DELIVERY tax could add to the highest business rates in Europe in the UK.
According to home delivery expert ParcelHero, the Government has become dependent on ever-increasing business rates and its new study, ‘Which is Greenest? Home deliveries or traditional shopping?’ reveals that Britain’s rates are higher than those of France and Germany combined.
As there’s more to come with the Government considering the introduction of green taxes on home deliveries to subsidise a cut in soaring business rates.
ParcelHero’s Head of Consumer Research, David said that its study shows the whole premise of the argument that home deliveries are bad for the environment, and should be hit by a so-called green tax, is highly debatable.
He added: “In fact, there is strong evidence that, far from being less green, home deliveries are significantly more environmentally friendly than traditional visits to the High Street.”
The Government’s new Housing, Communities and Local Government Committee report High Streets and Town Centres in 2030, proposes an online sales tax and ‘green taxes’ on deliveries and packaging.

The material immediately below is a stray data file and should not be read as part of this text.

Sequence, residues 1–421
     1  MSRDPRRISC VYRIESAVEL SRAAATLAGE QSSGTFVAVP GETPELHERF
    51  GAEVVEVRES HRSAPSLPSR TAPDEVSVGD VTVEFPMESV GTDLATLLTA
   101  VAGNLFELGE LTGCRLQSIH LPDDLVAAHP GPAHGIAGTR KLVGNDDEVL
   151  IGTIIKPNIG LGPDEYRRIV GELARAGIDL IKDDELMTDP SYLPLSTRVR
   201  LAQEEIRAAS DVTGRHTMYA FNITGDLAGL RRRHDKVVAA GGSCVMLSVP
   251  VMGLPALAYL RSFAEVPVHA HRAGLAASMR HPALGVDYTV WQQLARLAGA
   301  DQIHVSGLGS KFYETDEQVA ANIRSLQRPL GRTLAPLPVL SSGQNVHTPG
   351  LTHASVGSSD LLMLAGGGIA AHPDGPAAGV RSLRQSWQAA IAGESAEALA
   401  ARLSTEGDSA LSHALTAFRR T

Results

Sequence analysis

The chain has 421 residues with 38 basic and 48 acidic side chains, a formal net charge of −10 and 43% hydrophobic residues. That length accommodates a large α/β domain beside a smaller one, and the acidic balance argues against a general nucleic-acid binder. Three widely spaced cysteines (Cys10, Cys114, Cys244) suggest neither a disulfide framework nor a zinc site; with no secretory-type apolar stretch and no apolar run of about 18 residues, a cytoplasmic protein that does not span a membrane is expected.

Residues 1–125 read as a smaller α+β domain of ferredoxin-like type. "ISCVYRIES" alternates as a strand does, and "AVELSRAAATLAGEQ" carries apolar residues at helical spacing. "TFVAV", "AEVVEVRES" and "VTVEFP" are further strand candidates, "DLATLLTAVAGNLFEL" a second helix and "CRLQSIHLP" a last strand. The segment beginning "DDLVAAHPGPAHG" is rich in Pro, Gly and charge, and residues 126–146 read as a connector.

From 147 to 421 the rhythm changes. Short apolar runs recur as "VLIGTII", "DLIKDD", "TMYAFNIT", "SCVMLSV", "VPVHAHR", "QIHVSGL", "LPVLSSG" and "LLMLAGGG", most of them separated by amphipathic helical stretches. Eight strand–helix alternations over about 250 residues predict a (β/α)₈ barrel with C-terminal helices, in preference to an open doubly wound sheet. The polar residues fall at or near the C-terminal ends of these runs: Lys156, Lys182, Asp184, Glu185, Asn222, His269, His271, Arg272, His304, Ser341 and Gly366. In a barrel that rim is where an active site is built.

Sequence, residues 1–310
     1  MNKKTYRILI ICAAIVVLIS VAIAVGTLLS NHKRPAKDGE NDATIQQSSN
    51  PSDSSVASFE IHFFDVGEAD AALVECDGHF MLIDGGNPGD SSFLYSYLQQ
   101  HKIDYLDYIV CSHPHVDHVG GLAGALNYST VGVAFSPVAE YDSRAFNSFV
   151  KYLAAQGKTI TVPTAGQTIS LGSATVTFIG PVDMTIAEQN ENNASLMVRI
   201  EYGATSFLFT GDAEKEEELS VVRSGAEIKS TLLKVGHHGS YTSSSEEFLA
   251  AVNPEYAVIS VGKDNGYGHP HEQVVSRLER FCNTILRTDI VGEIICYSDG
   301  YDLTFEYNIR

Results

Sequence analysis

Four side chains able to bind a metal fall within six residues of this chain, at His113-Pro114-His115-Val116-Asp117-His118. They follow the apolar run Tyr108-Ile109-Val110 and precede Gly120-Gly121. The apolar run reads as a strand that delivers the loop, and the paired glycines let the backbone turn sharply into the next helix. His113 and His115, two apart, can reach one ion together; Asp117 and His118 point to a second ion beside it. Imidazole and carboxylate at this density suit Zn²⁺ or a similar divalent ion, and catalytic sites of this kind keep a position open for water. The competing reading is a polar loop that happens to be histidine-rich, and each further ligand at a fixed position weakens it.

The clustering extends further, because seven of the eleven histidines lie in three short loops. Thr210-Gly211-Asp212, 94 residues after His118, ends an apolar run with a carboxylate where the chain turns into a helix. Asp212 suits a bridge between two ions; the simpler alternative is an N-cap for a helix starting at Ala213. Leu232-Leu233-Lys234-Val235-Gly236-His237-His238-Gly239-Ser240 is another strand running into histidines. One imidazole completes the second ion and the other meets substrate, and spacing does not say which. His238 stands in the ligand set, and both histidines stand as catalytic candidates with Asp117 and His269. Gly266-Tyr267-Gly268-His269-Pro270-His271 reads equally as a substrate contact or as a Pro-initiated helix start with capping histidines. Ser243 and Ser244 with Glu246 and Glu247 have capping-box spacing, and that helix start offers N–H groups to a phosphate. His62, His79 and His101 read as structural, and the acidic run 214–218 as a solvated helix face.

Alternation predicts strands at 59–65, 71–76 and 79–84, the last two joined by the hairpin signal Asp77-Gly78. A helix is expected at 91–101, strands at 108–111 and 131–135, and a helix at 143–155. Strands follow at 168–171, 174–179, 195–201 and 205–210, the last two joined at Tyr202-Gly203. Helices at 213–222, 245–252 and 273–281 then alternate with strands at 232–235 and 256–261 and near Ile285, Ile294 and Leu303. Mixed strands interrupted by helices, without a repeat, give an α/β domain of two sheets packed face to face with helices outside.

It says the money raised from such a tax could then be spent on a future high street fund and a reduction in business rates. Currently half of all business rate income goes directly to local authorities, and half to central government, to be redistributed to councils through revenue support grants
Jinks said: “Our findings strongly disagree with the claim that a green tax on deliveries is a fair way to subsidise a cut in rates. In fact, a number of major studies have found home deliveries create far less CO2 emissions and congestion than shoppers traveling to town centres by car.
“It’s true that since 2009, we have become more aware that CO2 is not the only key measure of pollution that impacts on urban areas. We now know earlier diesel engines produced higher levels of nitrogen oxide (NOx) and diesel particulates.
“That’s why our study found the latest Euro 6 diesel delivery vans have now cut NOx by 55% and slashed emissions of Sulphur oxide, Carbon monoxide, Hydrocarbon and diesel particulates. In contrast the NOx limit for petrol engines in cars has not been altered from Euro 5 standards.”
Even so, many home delivery companies are already starting the move to ditch diesel entirely in order to retain their green crown.
Jinks added: “We are already seeing the mass introduction of vehicles such as Banbury-based Arrival’s electric vans. Most leading UK couriers are currently trialling electric vehicles in urban areas, whilst some are also operating hydrogen powered vans.
“A number of major retailers are even trialling Biogas powered vehicles: a renewable resource derived from food waste. B&Q, Sainsbury’s, Tesco, Waitrose, John Lewis and Argos are among many already using the fuel.”